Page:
If you are wondering about rv volunteer opportunities, ask yourself the following questions: Are you willing to serve in a position with no salary, no stipend, and either no or little remuneration other than incidentals?
If so, become an rv volunteer in the National Park Service. Many of the federal agency opportunities listed here offer housing, or RV pads with electric/water/sewer hookups in return for the hours you work. This site is where I found my first job working with the maintenance department at Organ Pipe Cactus National Monument, and my second job as an interpretive guide at Petrified Forest National Park. My third job, at Kodachrome Basin State Park, started out as volunteer camp host, but became full-time, as a ranger aide.
At Organ Pipe NM, my rv site had water, sewer and electric hookups which is pretty standard. They also filled my propane tank as often as I needed it done. Petrified Forest did not cover the propane, but paid a $5 per diem. So, make sure you ask questions to find out exactly what the park is giving you in return for your hours.
I loved the year I spent volunteering, and learned so much!
Maybe you have skills or knowledge you’d like to share with the visitors at a beautiful location for a couple of months or more. There are various rv volunteer opportunities offered and the NPS website has an excellent search function, so you can fine-tune your search to zero in on a particular state, or a particular category of opening (for example: geology, archaeology, or weed control), or a specific type of agency, i.e. national forests, wildlife refuges, BLM.
You should also check out websites of state and local agencies
for rv work opportunities. I filled out an online application which I
submitted along with my resume to Utah State Parks, after deciding I
really wanted to spend some time exploring Utah. I received a nice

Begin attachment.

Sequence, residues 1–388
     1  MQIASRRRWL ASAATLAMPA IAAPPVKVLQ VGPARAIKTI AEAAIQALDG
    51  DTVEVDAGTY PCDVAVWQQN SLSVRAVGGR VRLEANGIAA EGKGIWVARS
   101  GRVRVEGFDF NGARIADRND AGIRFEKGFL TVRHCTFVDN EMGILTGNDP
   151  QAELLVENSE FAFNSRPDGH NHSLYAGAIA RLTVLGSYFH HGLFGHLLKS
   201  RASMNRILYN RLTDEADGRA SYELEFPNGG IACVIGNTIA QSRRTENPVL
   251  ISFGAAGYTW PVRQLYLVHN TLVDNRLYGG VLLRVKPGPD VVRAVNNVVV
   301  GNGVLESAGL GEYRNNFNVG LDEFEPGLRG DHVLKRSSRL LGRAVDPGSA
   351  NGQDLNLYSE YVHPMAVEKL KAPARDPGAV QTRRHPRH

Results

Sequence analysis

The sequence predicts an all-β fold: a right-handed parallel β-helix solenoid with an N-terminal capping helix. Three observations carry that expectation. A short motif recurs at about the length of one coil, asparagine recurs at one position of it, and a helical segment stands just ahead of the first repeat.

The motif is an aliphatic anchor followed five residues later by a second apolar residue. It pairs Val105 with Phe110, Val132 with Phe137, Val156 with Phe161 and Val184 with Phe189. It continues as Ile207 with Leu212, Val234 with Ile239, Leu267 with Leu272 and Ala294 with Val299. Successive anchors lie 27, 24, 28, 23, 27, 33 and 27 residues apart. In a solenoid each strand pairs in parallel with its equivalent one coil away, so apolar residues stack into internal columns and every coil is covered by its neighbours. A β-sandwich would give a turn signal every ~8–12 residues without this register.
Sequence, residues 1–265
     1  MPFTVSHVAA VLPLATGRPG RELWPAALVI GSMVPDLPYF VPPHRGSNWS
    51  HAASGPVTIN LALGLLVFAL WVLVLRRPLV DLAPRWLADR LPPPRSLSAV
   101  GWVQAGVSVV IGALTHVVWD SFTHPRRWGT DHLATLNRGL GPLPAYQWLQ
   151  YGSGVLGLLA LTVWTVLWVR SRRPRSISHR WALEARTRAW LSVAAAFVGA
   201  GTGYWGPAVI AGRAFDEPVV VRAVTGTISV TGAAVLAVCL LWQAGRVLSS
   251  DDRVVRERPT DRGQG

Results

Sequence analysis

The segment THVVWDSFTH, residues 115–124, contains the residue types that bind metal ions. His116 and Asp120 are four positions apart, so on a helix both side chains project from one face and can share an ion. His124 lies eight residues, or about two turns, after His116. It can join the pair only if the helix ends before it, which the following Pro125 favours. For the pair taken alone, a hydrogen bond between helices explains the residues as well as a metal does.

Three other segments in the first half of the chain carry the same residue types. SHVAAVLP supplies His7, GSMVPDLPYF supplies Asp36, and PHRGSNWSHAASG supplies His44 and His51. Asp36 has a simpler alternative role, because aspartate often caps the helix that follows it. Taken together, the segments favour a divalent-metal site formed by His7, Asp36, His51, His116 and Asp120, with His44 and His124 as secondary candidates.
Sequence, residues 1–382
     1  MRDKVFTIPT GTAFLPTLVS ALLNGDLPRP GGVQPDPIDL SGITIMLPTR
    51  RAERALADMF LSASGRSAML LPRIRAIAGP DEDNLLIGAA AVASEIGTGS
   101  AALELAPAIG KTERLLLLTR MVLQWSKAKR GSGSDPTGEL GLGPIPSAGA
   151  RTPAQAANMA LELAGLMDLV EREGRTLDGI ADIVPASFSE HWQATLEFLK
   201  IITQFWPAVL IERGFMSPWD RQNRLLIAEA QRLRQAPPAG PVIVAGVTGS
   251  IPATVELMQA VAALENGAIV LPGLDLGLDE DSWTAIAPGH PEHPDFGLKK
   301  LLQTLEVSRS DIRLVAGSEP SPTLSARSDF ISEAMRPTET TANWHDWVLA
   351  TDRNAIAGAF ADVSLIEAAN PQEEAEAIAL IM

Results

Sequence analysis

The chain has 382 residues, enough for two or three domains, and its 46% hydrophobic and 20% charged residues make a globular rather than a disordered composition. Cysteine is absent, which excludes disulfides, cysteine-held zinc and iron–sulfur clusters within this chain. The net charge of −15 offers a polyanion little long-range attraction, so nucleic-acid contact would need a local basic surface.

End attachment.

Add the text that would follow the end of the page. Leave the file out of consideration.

acknowledgment from the main office and, a week or so later, a call from
a ranger at a state park near Bryce Canyon. That resulted in an rv
volunteer opportunity (which transformed into a full-time ranger aide job) for the second half of summer 2011. Most states are experiencing budget shortfalls and are having trouble staffing their parks. They really need us!
When you visit a park during your travels, if it is one where you would like to spend more time, make a point of talking with the ranger or camp host and let them know you would be interested in working there. Fill out an application for them to keep on file. The most popular parks get lots of applications and you may have a better chance of success if they have actually met you. Check out the nearby towns as well - you may find an opportunity that would keep you in the vicinity of your favorite park.
Check organizations like the Elks and Lions in areas you're targeting. They often need help with their booths at county fairs. In the West, there are "dude" ranches for under-privileged kids that offer volunteer opportunities. You never know what you might end up doing, and you'll probably have a lot of fun. How about a cattle roundup in WY? I've barely scratched the surface on this page. Do your research - there are lots of possibilities.
Other opportunities for volunteering that may be of interest to you:
RV-Care-a-Vanners at Habitat for Humanity